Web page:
Tuesday, January 22, 2008

Barbara Branden, Objectivist Madonna

Barbara Branden (nee Weidman) probably just started out as a typical teenage girl who liked to do typical teenage girl things like read erotic BDSM novels. She somehow got thrust into the world of Objectivism and stuck on a pedestal as second foremost disciple (after her husband) and Objectivist beauty queen.

Once the world of Objectivism shattered after The Break [between Rand and Nathan Branden], and continues to fragment into smaller and smaller pieces, she has assumed the job of being mother and female role model to many disenfranchised Objectivists. This is a great service to young Objectivists and ex-Objectivists who often badly need such a figure in their lives, which is often one of the reasons they turn to Objectivism (or other cults) to begin with.

Having being hurt by Rand and Nathan Branden herself, she is able to empathize and counsel many Objectivists and former Objectivists who have also been hurt by the movement. When I was trying to get out myself, I contacted her and she wrote me back promptly and sympathetically, and I appreciated it very much. The only thing was, she told me not to read The Ayn Rand Cult and spoke poorly of other Objectivism criticisms, and instead directed me to David Kelley's The Objectivist Center. But by then I'd had it up to here with Objectivism, and cults in general, and wasn't interested in getting into The Objectivist Center thing, even if it was just Rand-Lite.

8 comments:

Jay said...

How do you define a cult?

Moony said...

Jay

This definition - from the American Heritage Dictionary - probably the reflects the most common usage of the word:

"A religion or religious sect generally considered to be extremist or false, with its followers often living in an unconventional manner under the guidance of an authoritarian, charismatic leader."

As I've argued in the past Objectivism certainly had some of the characteristics of a cult in its early stages (although a lot depends on how broadly you define the word 'religion'), but IMO it can no longer be considered to be so.

Kelly said...

I don’t consider objectivism a cult, (maybe it was culty in the 60’s, not really now) although I think it fills the same role as a cult or religion for many objectivists. The longer people stay active with objectivism and the more they move into the dogma the more they become like religious zealots. After many years of being an objectivist I think their comes a point that you either have to lie to yourself to actually be an objectivist or not be very active and just revert to the “inspired by Ayn Rand” world. My opinion.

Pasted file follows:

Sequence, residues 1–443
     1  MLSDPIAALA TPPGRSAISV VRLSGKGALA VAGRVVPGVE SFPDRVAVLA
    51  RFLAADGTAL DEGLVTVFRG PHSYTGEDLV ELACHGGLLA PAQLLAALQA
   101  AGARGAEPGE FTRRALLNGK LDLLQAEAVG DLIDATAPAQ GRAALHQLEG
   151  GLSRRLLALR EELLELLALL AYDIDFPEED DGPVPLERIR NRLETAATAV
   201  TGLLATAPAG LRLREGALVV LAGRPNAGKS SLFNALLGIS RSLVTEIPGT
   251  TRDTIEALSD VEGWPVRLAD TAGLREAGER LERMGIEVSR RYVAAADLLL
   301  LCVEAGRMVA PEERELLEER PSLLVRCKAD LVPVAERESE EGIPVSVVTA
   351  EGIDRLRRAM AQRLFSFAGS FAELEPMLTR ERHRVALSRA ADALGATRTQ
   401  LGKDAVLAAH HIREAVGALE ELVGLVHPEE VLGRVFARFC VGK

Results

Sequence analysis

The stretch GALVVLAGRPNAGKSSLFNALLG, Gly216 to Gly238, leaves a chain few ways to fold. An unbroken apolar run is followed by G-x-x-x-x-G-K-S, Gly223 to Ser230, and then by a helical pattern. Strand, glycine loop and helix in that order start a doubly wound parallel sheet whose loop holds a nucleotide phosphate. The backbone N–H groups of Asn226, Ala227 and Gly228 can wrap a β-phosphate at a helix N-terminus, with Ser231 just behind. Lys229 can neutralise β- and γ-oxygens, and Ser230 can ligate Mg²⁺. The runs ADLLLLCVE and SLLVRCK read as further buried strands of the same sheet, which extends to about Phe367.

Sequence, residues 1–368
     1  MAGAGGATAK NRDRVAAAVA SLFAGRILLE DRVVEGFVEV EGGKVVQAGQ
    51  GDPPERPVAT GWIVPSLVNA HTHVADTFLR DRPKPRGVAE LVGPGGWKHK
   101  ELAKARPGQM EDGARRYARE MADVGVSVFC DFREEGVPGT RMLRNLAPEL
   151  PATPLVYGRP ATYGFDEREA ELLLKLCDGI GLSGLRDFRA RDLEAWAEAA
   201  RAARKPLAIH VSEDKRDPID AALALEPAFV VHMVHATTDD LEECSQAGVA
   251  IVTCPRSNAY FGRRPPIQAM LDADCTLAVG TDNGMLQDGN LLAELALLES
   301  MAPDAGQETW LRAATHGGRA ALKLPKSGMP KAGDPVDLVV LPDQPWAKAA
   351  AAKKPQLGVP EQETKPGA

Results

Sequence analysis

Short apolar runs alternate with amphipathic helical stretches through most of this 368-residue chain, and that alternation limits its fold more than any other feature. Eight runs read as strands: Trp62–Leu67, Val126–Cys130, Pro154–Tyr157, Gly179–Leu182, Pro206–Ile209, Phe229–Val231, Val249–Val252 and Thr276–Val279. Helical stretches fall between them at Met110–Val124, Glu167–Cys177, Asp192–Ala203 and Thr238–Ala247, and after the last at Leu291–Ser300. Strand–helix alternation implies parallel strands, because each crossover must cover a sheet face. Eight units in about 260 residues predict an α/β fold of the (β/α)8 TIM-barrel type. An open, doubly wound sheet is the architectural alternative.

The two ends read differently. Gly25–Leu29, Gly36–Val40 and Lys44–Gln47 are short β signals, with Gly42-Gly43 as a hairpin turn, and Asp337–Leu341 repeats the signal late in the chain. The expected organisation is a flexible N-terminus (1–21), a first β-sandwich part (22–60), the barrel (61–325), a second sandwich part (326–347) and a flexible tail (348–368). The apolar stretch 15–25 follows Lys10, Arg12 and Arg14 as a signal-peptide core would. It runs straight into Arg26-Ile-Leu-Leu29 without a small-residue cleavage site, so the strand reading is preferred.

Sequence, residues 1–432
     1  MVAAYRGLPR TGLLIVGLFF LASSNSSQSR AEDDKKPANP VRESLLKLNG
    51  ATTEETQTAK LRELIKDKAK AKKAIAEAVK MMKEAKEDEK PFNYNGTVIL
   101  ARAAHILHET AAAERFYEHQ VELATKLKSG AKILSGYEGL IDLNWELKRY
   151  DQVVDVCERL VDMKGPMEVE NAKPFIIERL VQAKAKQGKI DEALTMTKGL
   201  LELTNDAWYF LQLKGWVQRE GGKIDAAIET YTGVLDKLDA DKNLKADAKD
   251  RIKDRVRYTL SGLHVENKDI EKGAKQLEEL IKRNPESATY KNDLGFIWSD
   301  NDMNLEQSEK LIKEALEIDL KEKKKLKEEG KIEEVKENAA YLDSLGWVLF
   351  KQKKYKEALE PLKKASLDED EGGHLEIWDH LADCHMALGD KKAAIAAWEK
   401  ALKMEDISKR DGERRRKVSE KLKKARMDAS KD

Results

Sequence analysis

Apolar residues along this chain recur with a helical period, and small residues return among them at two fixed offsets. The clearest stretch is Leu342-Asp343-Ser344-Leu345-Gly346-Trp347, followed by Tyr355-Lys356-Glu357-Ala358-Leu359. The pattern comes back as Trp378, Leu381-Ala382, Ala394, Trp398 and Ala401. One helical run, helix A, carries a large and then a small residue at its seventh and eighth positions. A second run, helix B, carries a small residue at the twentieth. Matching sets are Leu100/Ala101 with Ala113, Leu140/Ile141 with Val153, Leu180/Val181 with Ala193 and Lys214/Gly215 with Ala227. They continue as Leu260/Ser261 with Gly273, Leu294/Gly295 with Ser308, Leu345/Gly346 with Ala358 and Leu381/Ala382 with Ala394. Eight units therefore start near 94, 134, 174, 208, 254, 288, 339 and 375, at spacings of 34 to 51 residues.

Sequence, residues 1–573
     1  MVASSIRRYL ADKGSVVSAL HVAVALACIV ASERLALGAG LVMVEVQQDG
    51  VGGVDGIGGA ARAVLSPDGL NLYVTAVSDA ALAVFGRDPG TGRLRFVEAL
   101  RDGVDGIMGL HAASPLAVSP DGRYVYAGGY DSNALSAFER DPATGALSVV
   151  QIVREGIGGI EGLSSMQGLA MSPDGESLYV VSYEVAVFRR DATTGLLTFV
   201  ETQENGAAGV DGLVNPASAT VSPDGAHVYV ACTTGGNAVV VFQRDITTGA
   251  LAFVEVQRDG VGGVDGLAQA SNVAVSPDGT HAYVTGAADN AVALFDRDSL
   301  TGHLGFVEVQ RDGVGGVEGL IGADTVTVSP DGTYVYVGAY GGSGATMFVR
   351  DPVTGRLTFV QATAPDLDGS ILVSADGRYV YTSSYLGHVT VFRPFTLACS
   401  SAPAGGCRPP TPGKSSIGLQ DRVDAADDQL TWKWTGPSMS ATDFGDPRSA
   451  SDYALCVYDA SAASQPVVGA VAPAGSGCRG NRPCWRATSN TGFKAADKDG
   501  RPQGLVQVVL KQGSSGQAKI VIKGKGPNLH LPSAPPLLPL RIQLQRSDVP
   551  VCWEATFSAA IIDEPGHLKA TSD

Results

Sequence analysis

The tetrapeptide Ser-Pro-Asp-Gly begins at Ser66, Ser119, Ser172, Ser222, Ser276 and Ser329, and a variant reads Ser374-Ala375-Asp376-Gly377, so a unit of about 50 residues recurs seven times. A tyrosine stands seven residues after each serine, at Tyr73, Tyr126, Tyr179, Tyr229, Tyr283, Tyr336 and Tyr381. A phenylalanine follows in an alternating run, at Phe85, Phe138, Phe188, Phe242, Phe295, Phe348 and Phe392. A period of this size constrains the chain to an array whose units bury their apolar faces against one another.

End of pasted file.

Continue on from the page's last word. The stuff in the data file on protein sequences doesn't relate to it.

Meg's Marginalia said...

Ok I don't know if it's officially a "cult" according to some logical definition, but these things are somewhat subjective anyway. But I don't like aligning myself too much with any religious, philosophical, or political organization. To me it's the same (or just as bad) to be religious, or just spiritual, or whatever weird thing to strongly believe in. I'm too skeptical and individualistic for that.

Michael Prescott said...

Of course Objectivism is a cult. Not a cult in the most pernicious sense, like Heaven's Gate or Jonestown. But clearly it has most of the essential characteristics of a cult. It's a group of people who ...

- believe that special knowledge has been imparted to them by a once-in-a-millennium genius who is misunderstood by the world

- are sure that civilization will come to a horrifying end in the near future unless this new knowledge is rapidly disseminated

- assume that anyone who rejects this knowledge is either hopelessly blind or actively evil; and as a result ...

- feel alienated from their culture, which they see as decadent and doomed because it has not adopted their message.

It is, in other words, a typical millenarian cult organized around a charismatic leader.

Oh, and by the way, it also markets its message via overpriced CDs and videos; has a hierarchical structure; has undergone schisms and sectarian rivalries; performs excommunications and damnations of apostates; appeals mainly to disaffected college students; and is currently based in California.

What more evidence do you need?

:-)

Moony said...

Since the charismatic leader in question has left the scene I'd rather call it a secular faith - i.e. a Godless quasi-religious belief system - but I don't suppose the precise definition matters that much.

Incidentally can anyone confirm that Rand called Bertrand Russell evil? I'm reading him at the moment, and I have a vague memory of someone having said somewhere that she said that about him.

Meg's Marginalia said...

I think there's a continuum of cults that range from groups that are really crazy and harmful like Heaven's Gate to just collections of odd people like Discordians and vegans. Objectivism lies somewhere in the middle. And the definition of what constitutes a cult is also subjective.

Moony said...

Discordianism is intended to be a joke, or at least I hope it is.